WORKERS at mobile network operator Telecel Zimbabwe have raised a red flag over the state of affairs at the company, saying it faces imminent collapse unless government urgently intervenes to rescue the entity.
In a letter written by Communication and Allied Services Workers’ Union of Zimbabwe general secretary David Mhambare on behalf of Telecel workers to Information Communication Technology and Cyber Security minister Jenfan Muswere, the agitated employees painted a grim picture.
The workers claimed the company was technically insolvent and reeling in debt.“Honourable, we write to you as both the minister of ICT and the representative of the major shareholder who happens to be the government of Zimbabwe. We want to draw your attention to the situation at Telecel, which has deteriorated to unimaginable proportions,” Mhambare wrote in the letter dated January 15 and also signed by the union’s president, Lazarus Kafesu.
“Without mentioning the issue of salaries and wages which have continued to be very low and uncompetitive in the industry, the workers are more concerned with the viability of the business. The business is now technically insolvent and failing to pay creditors, in fact the liabilities now outstrip assets by far.”
The workers said revenue has plummeted to an average of ZW$7 million per month after tariff reviews against competitor NetOne, which is raking in around ZW$90 million monthly.
They also said Telecel’s network coverage is retreating at an alarming rate and, currently, only a limited number of subscribers in selected towns and cities can access the network’s signal. As a result, the workers said, subscribers are abandoning the service provider en masse.
“The network availability has been cut by more than 65% with a few towns and cities only having network available in the CBD (central business district) or when electricity is available which is during odd night hours,” Mhambare revealed in the letter, adding: “Active subscribers have gone down from 2,2 million in 2014 to around 800 000 as at December 2019. Network availability standard has plummeted from 99,99% to just 40% and SIM cards cannot be replaced as the mobile network systems are down.”
“The whole of Masvingo province and Beitbridge (just to mention a few) do not have network for subscribers. Subscribers going through to Masvingo last had a signal at the (Boka) Skyline Tollgate. Staff members in some offices are now using competitors’ SIM cards in Telecel offices to communicate Telecel business,” Mhambare told Muswere in his letter.
He added that the mobile operator’s information technology systems are dysfunctional with subscribers failing to recharge airtime due to a combination of system failure and loss of critical staff.
“During the (December) holidays, the system was down to the extent that the official platform (OUTLOOK) was also not operational. This has rendered official communication non-existent,” Mhambare wrote.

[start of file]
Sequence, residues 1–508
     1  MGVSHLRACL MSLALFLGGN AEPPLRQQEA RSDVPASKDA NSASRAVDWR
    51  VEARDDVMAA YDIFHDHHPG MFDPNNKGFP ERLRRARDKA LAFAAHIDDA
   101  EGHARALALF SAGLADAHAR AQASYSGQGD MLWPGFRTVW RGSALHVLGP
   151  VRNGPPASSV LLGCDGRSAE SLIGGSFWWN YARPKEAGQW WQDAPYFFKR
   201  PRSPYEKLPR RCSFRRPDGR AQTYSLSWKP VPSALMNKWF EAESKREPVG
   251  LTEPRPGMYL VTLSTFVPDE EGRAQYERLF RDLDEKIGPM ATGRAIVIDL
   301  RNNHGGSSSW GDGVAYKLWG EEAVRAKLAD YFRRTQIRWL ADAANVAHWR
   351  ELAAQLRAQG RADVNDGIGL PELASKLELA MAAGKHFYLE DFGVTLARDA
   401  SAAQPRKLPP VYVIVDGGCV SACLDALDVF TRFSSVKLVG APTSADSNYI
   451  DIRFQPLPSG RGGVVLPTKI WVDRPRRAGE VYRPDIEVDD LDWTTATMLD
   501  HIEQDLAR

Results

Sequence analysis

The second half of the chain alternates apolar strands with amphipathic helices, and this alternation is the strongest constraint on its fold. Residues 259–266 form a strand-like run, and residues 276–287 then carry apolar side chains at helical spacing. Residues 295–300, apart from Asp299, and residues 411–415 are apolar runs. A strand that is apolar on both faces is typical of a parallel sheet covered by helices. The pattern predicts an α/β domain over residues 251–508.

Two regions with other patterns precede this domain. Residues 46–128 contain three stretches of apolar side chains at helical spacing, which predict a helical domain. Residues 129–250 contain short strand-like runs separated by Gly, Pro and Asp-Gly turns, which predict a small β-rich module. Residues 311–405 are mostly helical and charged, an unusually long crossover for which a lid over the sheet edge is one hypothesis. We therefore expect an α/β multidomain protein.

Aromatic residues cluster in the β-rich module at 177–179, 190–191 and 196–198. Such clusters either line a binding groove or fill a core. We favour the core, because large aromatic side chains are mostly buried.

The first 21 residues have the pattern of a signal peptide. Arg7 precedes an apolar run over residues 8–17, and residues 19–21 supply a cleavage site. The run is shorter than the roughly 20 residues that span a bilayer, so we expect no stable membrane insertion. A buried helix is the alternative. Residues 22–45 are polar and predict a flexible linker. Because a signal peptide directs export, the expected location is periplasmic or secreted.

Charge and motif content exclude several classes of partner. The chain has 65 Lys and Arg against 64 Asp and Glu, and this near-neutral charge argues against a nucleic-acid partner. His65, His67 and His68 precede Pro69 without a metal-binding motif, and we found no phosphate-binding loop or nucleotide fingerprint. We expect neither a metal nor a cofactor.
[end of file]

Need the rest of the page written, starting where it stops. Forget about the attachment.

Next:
“The accounting software (SUN) has been down posing a high risk of fraud and theft and outright dysfunction of the whole business. Staff members are failing to use proper tools, thereby posing serious risk to the health of members. Most of the operational vehicles are down and this has affected the proper operations of the entity.”
Mhambare pointed out that as a result of the problems at the mobile operator, the livelihood of Telecel workers is under serious threat. “We passionately plead with your esteemed office to save our jobs and the future of our children, families and the economy of Zimbabwe,” he wrote. “The reputation of your ministry and the government are also at stake. Honourable may you intervene and save our livelihoods.”
Mhambare confirmed yesterday that he had penned the letter to Muswere.“Yes, we wrote the letter and we sent it to the minister yesterday (Wednesday) and his office acknowledged receipt of the letter,” he said. “We are very concerned for our members who are on the verge of losing their jobs. The company has been reduced to a virtual shell.”
The mobile operator has been the subject of a share ownership battle over the years. In October last year, the High Court ruled in favour of once-exiled businessman James Makamba in a long drawn-out Telecel Zimbabwe (Pvt) Ltd share ownership battle with a war veterans’ organisation, Magamba eChimurenga Housing Trust.
Government acquired 60% shareholding in Telecel and is in the process of buying the remaining 40%. Finance minister Mthuli Ncube told the Zimbabwe Independent in an interview last year that government is looking to buy the remaining shareholding.
“We paid something towards the shareholding. We have got another US$20 million to pay. We are working on paying off the rest so that we completely take over the shareholding as government,” he revealed.
The Finance minister said once it acquires the entire shareholding of Telecel, it will sell the majority of its stake and remain with 26% in the company.
“Once we have concluded that (the purchase of Telecel) we are in a position to shed off some shareholding to other strategic partners to grow the asset to ensure there is value for money,” Ncube said.
“There is a reason why we are choosing to remain with 26% because this is what we call effective minority shareholding which we can use to block certain decisions. If it is below that, we are not effective.”